I presented at the Hill Solomon Conference in Birmingham recently, on a day dedicated to engaging staff in health and safety. And many of the attendees were running programmes of behavioural safety and employee engagement. As the day progressed it became very clear that effective communication through whole organisations from top to bottom was something everyone struggled with and many still feel is not as good as it could be. Many had very clear processes in place that they felt carried their messages to the staff, but virtually everyone I spoke to wasn’t convinced their message got through in the way it was intended and that it was understood by everyone who read or heard it.
Why is it so difficult to establish effective communication within organisations?
When I’m interviewing people for safety culture assessments however many processes are in place to communicate about safety it always comes out as something they feel could be improved. The message may be received by people but often there’s little opportunity for them to have their say about it. Things arrive as a fate a compli with little consultation or so people feel. The two-way nature of the communication process is often lacking and yes this can be because staff don’t take up opportunities to make suggestions or put comments in a box for example. Usually this is because they get little feedback about their suggestion personally and so often they feel it’s a waste of time.
At middle and senior manager level, meetings are often seen as a pain in the proverbial and things are discussed over and over, but this process isn’t happening further down the communication chain. Often, team leaders and line managers hear things for the first time in the meeting right before they’re expected to communicate the same news to staff on the ground, with little time to ask questions or clarify understanding. No wonder briefings or memos of this type are cascaded on with little enthusiasm. And as time is usually of the essence (so people can get on with the job) there’s little expectation that anyone will want to ask a question. So again: no clarification of content and how it’s going to affect people and how they work.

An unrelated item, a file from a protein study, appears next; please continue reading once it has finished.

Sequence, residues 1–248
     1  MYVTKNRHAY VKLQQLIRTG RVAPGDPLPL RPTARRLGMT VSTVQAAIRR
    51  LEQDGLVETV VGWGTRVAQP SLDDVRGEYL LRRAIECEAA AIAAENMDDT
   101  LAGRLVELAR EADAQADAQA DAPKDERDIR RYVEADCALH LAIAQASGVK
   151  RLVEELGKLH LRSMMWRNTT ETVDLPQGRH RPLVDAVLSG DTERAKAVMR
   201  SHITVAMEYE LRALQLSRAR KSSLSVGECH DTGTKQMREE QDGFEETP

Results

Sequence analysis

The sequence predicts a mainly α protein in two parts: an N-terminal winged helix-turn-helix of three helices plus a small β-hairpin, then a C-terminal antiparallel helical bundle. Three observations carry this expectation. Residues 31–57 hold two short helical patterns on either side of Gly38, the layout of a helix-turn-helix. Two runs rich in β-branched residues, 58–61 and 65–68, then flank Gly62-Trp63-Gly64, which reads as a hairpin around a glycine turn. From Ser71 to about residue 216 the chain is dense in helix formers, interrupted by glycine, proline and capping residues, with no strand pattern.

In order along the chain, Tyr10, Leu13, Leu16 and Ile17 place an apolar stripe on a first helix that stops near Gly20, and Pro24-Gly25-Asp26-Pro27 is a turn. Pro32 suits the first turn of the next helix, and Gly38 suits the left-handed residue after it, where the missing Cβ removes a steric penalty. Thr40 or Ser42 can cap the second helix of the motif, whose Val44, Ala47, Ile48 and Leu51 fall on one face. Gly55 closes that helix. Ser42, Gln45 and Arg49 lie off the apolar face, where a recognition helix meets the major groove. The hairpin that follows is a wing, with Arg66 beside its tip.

So what hope is there of establishing an effective channel of communication?
Everyone who is part of this channel at any level must understand that communication is not just passing on the message. It has to be about conveying the meaning and intention behind it as well. Anyone sending out information must want to make their message as clear as possible for the audience and must understand who that is. ‘No jargon’ I hear you cry, but this isn’t always easy for some people to move away from and if no one ever says “I don’t know what that means” then they don’t get the feedback that they aren’t being effective communicators.
Every person in an organisation should feel able to ask for clarification and get it, but we spend much of our time trying to create an impression of ourselves to others. This makes asking for something to be explained again very difficult for those who feel they’ll be thought less of by the people they wish to impress.
We’re all part of the communication channel, so next time you hear a message that you don’t understand, ask questions that gain you clarity. If you have to pass a message on, invite questions from your audience and ask them questions to check their understanding is correct. Don’t make assumptions that they’ve got it even if they say they have. Really listen to their comments. Be ready to explain in a different way and deal with any issues people have, they’re much more likely to engage with the content of the message and so make useful suggestions rather than moaning unhelpfully.